Less buzzword, more engagement: Event report from School of Data and UP Politica

October 9, 2015 in Event report, Fellowship

On September 28, 2015, School of Data, in partnership with the University of the Philippines People-Oriented Leadership for the Interest of Community Awareness (UP POLITICA), organized a Forum with the theme “Open Data, Open Government and Freedom of Information: Effects on the Political Landscape of the Philippines” at the CM Recto Hall, UP Diliman, Philippines.


Legally open + technically open = open data

The first speaker was Mr. Gabriel Baleos, Program Manager and Policy Head of Open Data Philippines Task Force. In his discussion, he explained the dilemmas in getting data from various government agencies and having them in machine-readable formats e.g. xls., .csv, .json and ¬†which can easily be re-used by the citizens. Gabe characterized Open Data as being legally open – placed in public domain or under liberal terms of use – and technically open – data published in electronic formats. The Philippines has a Cabinet Cluster on Good Governance and Anti-Corruption, and part of this cluster’s initiatives is the Open Data Task Force, which is in charge of the Open Data portal.

Ms. Happy Feraren, 2014 School of Data fellow and CEO of Bantay.ph gave her insights on the role of civil society organizations in promoting Open Data and Freedom of Information. Happy shared the undertakings of Bantay.ph in engaging with ordinary citizens, students, journalists and local government staff through their Local Government Scorecard – a survey done by students across different Metro Manila local government offices to score their processes related to starting a business. She also posed the challenge that citizens should be proactive in using data being opened up by the government for access and use, otherwise, the Open Data is useless if no one is analyzing the data.

Forum speakers Gabe Baleos of Open Data Task Force, Sheena Opulencia-Calub or School of Data and Happy Feraren of Bantay.ph.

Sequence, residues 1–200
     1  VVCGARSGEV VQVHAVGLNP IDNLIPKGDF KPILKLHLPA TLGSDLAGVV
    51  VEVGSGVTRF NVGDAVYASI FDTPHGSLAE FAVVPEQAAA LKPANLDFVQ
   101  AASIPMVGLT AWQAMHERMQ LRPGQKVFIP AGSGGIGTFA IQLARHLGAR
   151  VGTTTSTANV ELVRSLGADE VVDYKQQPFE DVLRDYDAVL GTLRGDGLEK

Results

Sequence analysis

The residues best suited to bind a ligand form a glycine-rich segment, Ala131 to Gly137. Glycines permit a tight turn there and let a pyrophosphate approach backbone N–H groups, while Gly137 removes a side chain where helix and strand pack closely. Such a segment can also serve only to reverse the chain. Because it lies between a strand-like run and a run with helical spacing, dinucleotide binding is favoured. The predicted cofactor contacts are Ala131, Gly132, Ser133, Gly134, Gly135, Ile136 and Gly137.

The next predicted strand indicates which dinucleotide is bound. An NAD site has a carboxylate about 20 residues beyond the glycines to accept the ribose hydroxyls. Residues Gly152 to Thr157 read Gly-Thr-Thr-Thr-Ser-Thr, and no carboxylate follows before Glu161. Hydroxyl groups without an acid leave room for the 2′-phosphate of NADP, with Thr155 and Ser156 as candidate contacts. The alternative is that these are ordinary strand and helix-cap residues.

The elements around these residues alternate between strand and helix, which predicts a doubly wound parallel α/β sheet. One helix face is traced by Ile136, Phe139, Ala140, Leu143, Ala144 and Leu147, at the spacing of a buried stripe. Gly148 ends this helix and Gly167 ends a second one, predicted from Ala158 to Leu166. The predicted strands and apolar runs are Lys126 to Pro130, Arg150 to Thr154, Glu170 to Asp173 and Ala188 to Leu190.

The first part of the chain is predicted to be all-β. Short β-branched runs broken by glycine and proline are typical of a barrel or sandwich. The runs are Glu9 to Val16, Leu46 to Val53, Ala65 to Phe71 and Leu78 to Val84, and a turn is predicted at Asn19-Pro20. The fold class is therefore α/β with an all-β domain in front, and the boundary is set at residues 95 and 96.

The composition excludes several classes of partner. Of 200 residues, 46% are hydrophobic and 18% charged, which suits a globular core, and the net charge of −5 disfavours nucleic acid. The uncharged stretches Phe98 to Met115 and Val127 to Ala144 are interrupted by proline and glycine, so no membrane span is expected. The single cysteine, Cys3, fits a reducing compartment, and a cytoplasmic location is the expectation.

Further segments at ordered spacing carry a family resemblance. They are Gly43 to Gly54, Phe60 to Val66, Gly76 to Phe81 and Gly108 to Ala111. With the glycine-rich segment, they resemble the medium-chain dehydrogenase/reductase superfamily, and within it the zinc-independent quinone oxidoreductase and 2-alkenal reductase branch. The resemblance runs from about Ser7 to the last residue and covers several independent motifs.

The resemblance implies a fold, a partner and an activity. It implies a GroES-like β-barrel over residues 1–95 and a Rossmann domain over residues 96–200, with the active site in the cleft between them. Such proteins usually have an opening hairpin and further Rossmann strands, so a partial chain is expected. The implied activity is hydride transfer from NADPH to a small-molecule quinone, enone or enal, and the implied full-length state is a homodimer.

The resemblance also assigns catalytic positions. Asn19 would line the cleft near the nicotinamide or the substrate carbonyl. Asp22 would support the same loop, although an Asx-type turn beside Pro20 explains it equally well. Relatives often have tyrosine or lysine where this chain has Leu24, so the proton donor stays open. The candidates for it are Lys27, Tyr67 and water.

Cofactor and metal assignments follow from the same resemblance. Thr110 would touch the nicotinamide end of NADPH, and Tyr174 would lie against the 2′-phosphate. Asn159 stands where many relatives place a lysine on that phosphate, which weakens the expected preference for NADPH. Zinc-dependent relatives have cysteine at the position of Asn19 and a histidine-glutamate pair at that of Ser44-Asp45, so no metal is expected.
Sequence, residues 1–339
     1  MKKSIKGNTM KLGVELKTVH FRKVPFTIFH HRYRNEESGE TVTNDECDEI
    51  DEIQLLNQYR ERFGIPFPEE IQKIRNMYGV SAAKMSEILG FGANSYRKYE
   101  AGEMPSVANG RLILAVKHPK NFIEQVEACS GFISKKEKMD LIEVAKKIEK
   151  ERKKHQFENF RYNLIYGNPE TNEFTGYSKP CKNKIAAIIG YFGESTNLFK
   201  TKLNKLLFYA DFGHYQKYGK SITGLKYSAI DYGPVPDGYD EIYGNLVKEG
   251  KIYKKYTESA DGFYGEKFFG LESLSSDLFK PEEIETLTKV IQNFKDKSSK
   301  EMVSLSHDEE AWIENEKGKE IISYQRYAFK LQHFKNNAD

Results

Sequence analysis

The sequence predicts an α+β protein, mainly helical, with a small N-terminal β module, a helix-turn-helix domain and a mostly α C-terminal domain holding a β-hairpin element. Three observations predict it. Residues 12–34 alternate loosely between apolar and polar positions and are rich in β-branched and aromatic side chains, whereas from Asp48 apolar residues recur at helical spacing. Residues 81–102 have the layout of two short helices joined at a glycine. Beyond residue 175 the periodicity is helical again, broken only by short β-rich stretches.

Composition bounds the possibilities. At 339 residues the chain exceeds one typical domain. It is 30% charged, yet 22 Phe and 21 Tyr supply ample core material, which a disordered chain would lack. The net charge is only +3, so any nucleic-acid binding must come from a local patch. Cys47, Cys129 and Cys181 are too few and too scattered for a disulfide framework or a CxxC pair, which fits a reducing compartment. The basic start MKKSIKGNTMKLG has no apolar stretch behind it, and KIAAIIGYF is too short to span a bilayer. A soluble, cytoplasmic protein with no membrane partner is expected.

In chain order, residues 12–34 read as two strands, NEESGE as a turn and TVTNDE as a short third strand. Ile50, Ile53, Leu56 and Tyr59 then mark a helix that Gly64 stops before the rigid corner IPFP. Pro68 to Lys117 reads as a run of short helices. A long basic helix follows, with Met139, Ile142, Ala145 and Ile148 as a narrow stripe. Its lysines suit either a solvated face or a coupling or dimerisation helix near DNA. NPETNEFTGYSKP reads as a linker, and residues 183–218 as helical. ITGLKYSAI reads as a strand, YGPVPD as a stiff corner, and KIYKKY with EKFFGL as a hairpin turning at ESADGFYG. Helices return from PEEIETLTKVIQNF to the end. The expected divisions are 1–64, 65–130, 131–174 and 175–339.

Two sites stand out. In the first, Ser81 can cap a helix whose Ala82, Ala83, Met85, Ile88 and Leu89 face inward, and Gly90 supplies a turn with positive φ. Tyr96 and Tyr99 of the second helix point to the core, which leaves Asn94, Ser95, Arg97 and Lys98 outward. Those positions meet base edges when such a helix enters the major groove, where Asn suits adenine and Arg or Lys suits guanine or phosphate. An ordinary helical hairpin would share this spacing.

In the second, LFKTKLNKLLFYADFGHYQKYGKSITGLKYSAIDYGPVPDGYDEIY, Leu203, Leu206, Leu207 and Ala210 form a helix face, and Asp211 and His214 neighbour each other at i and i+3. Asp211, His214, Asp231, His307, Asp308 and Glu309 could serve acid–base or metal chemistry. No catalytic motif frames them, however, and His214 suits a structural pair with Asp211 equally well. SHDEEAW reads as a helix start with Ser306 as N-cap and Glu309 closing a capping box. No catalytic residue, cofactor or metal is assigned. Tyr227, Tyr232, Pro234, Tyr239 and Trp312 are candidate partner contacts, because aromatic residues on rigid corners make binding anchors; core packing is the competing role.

Forum speakers Gabe Baleos of Open Data Task Force, Sheena Opulencia-Calub or School of Data and Happy Feraren of Bantay.ph.

Freedom to know as the new buzzword

In my discussion about Open Data and Freedom of Information, I reinforced that Freedom of Information is not something new, that for the Philippines, the freedom to know is already in our constitution as early as 1973. It has become a new buzzword because of the Freedom of Information Act that has not been passed by our lawmakers. While most people think that Open Data is an alternative to Freedom of Information, I have stressed that we still need a law that will support the advocacy of making government agencies share their data and information for public use.

During the open forum, there was a good discussion on how to build government staff skills relevant to open data and freedom of information. All speakers agreed that there must be cooperation among civil society organizations, the academic community and the government in organizing learning activities for government staff who are producing and using the data. There was also a good discussion on how Open Data can be used to ensure provision of basic services to the people.#


UP POLITICA with Happy Feraren (first row, 1st to the left), Gabe Baleos (first row, 2nd to the left) and Sheena Opulencia-Calub.


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